'World's worst golfer' and the golf hoax that took a lot of balls depicted in new movie
A hush fell over the crowd at the prestigious course as an unheard of golfer, by the name of Maurice Flitcroft, stepped up confidently to the tee.
Many were intrigued by his unconventional apparel – beige slacks, tattered plastic golf shoes and a floppy blue fisherman’s hat – as well as how he crawled around the grass on all fours to find the optimal spot for his tee.
Was the mystery sportsman, about to take his first shot in his quest to win the 1976 British Open, a pro back from a long spell in Europe? Or an as-yet-unknown American competing for the first time in golf’s grandest tournament?
But it wasn’t long before their expectations were shattered.
After a dramatic swing he sent the ball just 40 yards from the first tee at Merseyside’s Formby Golf Club. He shanked his second shot into the rough and his third into a fairway bunker.
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Shocked competitor Jim Howard recalls: “The club came up vertical, and came down vertical. It was though he was trying to murder someone.”
In fact, Maurice Flitcroft, a 46-year-old chain-smoking shipyard worker from Barrow-in-Furness, Cumbria, had never played a full round of golf in his life.
He had also never even watched the game before coming across it as he flicked through the channels on his new colour TV.
Convinced he could win the Open, he sent off for a cheap set of mail-order golf clubs, took out instruction books from his library and practised on his local beach – before getting a place in a two-day Open qualifying tournament by telling organisers he was professional.
Maurice did make history – by setting the worst score in the tournament’s history, shooting 121 for the 18 holes – 49 over the 72 par for the course.
The following week, he attended the 1976 championship as a spectator and got a photo with a 19-year-old Seve Ballesteros, who would go on to win the Open in 1979, 1984 and 1988.
But Maurice was undeterred by his terrible round – or the kids who threw stones at him as he practised on the beach – and he entered the Open and other golf again and again.
Open organisers tried to ban the no-hoper from every course in the UK.But Maurice, who became known as the world’s worst golfer, simply used disguises and pseudonyms such as Gerald Hoppy, James Beau Jolly, Arnold Palmtree, Count Manfred von Hofmannstal and Gene Pacecki. The games would often end with him being recognised by officials and chased off the course.
Maurice, who died in 2007, would later write in his unpublished memoirs of his first tournament: “Little did I dream that such a simple act of taking up a game would have a profound effect on my life.
“I would become famous, headline news, hailed as a hero on one hand, held up to ridicule in another.”
He is now the subject of The Phantom of the Open, a comedy film starring Sir Mark Rylance, Sally Hawkins and Rhys Ifans, which premiered this week at the London Film Festival. According to his son James, though, his dad was never in it for laughs and took his quest for golfing glory “extremely seriously.”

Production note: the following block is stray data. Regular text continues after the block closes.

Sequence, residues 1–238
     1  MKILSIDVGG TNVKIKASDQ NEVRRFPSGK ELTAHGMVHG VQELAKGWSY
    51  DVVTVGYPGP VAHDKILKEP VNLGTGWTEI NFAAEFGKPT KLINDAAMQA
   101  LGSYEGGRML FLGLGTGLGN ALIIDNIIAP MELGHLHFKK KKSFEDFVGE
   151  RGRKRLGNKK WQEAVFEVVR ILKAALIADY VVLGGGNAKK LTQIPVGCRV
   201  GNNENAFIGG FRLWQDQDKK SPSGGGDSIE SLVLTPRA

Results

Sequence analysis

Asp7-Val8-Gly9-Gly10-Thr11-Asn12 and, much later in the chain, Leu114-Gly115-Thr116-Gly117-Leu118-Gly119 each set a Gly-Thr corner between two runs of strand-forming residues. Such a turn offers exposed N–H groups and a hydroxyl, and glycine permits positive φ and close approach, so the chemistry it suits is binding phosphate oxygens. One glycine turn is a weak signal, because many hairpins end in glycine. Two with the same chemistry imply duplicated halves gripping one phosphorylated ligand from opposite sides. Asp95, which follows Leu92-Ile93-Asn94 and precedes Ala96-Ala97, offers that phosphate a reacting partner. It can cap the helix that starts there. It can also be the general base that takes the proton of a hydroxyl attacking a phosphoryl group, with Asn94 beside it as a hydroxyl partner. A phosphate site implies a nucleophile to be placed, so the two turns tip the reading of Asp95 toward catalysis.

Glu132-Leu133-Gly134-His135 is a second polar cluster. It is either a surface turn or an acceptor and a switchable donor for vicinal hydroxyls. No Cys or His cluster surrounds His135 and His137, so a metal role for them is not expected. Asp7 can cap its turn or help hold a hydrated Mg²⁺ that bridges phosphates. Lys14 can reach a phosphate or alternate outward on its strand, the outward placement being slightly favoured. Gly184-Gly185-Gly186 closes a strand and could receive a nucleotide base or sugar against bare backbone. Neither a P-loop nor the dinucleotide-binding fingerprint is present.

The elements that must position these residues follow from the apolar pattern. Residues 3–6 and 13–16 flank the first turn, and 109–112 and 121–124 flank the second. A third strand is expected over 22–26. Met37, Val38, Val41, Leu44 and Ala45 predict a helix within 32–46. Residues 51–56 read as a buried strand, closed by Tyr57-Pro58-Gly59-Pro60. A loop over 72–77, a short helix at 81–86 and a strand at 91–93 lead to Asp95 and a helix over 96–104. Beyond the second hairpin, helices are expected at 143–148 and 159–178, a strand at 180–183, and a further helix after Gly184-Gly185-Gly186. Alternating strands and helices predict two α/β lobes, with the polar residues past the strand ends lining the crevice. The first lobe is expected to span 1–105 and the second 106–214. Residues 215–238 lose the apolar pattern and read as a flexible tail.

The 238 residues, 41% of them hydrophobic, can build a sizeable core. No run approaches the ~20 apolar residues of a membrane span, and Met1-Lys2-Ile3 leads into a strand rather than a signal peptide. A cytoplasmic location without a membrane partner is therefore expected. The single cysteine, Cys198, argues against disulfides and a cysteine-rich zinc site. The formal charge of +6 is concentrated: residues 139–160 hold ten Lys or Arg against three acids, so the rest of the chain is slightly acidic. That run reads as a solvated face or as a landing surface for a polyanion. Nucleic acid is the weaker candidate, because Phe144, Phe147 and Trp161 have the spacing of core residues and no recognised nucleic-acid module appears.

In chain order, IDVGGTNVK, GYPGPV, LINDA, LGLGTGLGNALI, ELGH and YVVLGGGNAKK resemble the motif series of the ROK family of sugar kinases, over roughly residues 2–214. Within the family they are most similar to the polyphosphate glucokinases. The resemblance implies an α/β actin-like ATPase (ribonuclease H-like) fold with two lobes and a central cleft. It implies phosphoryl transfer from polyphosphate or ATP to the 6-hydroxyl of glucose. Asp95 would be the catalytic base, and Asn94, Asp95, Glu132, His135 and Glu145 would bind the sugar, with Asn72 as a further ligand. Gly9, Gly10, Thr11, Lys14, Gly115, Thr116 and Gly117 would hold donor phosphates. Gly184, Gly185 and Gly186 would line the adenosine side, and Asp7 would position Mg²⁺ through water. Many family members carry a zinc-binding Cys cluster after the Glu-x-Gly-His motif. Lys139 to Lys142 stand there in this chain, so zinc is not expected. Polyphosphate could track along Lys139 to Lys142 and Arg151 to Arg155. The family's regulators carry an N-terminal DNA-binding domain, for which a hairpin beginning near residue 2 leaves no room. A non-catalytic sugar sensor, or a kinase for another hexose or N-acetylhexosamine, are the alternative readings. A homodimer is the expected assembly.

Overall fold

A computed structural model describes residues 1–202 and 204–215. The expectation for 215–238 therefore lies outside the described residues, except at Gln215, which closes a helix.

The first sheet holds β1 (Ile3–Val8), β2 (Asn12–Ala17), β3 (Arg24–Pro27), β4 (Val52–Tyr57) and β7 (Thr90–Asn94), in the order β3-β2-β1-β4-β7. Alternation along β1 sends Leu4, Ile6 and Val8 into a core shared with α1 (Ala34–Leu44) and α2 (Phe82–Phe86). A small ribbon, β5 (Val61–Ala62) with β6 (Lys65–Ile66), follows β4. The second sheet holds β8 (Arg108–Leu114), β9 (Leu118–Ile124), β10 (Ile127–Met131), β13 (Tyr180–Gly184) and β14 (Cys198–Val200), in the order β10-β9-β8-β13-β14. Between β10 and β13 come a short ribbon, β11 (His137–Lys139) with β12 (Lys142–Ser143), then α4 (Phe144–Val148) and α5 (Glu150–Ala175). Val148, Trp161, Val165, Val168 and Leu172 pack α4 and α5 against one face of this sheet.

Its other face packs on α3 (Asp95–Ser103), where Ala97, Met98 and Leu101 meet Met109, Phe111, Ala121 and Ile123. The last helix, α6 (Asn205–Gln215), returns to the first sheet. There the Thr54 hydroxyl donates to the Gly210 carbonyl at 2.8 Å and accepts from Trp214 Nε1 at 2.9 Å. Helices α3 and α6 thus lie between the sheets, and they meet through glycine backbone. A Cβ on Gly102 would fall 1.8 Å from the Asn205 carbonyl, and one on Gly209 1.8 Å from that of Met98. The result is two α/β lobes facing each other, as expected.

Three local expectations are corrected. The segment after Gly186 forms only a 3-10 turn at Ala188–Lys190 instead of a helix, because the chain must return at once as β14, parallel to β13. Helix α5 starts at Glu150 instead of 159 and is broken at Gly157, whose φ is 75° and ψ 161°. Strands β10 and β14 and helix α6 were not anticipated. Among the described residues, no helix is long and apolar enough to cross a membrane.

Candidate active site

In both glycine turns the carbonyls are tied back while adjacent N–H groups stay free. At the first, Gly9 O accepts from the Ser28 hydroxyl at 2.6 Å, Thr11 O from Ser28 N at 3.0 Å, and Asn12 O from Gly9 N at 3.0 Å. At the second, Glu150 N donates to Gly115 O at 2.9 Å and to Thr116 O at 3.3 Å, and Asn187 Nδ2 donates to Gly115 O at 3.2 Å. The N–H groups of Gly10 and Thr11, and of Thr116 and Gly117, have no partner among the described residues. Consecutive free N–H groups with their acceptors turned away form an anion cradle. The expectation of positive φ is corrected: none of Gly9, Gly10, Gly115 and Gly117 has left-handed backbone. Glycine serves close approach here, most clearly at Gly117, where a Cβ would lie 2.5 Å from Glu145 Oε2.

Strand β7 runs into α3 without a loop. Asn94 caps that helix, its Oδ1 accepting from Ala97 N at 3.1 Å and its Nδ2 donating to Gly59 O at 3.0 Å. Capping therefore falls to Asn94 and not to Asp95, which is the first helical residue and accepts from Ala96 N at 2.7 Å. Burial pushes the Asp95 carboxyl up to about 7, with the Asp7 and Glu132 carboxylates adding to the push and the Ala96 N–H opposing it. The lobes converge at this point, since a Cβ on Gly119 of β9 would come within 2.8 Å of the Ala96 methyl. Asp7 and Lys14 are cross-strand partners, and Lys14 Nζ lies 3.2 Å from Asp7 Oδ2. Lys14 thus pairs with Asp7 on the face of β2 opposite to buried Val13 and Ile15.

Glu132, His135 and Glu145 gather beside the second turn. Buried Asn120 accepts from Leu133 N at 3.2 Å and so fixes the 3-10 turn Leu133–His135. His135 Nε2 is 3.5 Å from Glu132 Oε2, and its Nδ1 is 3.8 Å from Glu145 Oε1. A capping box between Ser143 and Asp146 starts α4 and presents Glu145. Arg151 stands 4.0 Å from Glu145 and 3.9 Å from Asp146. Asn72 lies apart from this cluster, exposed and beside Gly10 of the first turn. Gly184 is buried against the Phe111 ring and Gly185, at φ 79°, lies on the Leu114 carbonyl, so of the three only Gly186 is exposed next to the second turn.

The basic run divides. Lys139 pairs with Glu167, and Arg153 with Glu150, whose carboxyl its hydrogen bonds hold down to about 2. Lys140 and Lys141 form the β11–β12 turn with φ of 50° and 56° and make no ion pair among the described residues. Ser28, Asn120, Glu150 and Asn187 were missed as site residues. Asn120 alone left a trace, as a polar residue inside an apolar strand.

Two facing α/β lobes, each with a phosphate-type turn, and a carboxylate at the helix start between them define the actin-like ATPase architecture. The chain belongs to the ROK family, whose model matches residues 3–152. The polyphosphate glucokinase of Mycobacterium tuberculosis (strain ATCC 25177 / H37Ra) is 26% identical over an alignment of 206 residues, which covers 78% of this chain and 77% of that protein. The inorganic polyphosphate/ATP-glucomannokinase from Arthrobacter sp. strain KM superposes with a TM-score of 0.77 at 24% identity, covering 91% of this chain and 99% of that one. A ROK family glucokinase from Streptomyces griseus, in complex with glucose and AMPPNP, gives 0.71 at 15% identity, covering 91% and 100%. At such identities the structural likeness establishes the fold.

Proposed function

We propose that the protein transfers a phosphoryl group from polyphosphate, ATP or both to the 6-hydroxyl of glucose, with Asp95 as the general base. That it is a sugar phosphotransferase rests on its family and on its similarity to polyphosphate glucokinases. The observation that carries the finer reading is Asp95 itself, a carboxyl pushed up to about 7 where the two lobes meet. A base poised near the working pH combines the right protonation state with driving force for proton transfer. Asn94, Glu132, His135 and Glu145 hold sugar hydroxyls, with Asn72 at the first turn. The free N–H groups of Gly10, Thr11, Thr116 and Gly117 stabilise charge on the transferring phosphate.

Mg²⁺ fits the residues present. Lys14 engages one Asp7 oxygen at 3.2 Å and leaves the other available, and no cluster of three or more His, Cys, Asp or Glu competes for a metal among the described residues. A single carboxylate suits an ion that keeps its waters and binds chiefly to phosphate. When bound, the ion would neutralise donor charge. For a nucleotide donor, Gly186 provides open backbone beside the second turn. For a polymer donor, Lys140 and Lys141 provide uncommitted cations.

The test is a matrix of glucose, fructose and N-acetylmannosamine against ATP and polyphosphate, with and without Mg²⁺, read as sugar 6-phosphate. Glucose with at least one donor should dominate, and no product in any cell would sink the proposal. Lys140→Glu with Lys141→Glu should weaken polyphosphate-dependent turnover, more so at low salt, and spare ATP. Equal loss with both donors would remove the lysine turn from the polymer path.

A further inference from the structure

He says: “He walked, ate and slept golf. He absolutely believed he was good enough and would win the Open one day. He wasn’t particularly happy about the nickname they gave him. He’d say to us: ‘I’m not the world’s worst golfer’.
“He was determined and would practise every morning and every afternoon rain or shine, with his dog Beau by his side. He’d often arrive back soaked after going out golfing in a storm.”
Maurice worked at Vickers Shipyard as well as a shoe polish salesman, an ice cream van man and even a comedy stunt diver. But it was watching the 1974 Piccadilly World Match Play Championships on TV that changed his life.
James says: “When we could afford it, we got a colour telly and he loved it. I think golf was one of the first things he saw on there, and that was it.”
He ordered a set of Wilson Avengers clubs, because he liked the name, and Ben Sayers golf balls, because he’d heard of him. Unable to afford membership fees of his local golf courses, Maurice would practise every day on Sandy Gap beach, a long albeit blustery stretch of expanse of sand.
He recalled: “I remember my first shot travelling a long way, but that might have had something to do with the gale-force wind that was blowing up a sandstorm around me.” Friend Trevor Kirkwood says: “He cut a strange figure, did Maurice. He would wear a waterproof top and wellies, and stand there for hours in rain and snow and God knows what else, whacking golf balls. I think a lot of people thought he was a madman.”
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Maurice didn’t have a low enough handicap – or indeed any handicap – to enter the Open as an amateur, so wrote on his application he was a professional. It wasn’t a lie, he later wrote. “After considerable soul searching I had in all honesty to admit that I was a professional - since it’s the money I’m after.”
Confident his hours of practise would pay off, and having paid a teenage caddy £2 to lug round his two golf clubs, he was as shocked as anyone else by his disastrous first day at the Open qualifier.
His performance was so hilariously bad that onlookers even rumoured that Maurice was actually comic Marty Feldman playing a prank.
But in 1988 a golf club in Grand Rapids, Michigan, named a tournament after him. Organiser Buddy Whitten says: “It started as a lark, but most people can’t break 90 so they relate more to Maurice than to a touring pro.”
Maurice and wife Jean were flown over as guests. He said it was they had been out together “since their gas oven exploded”.
For years Maurice received post from around the world addressed to: Maurice Flitcroft, Golfer, England. And he remained sure he would become one of golf’s greats.
- The Phantom Of The Open is out in cinemas in April next year.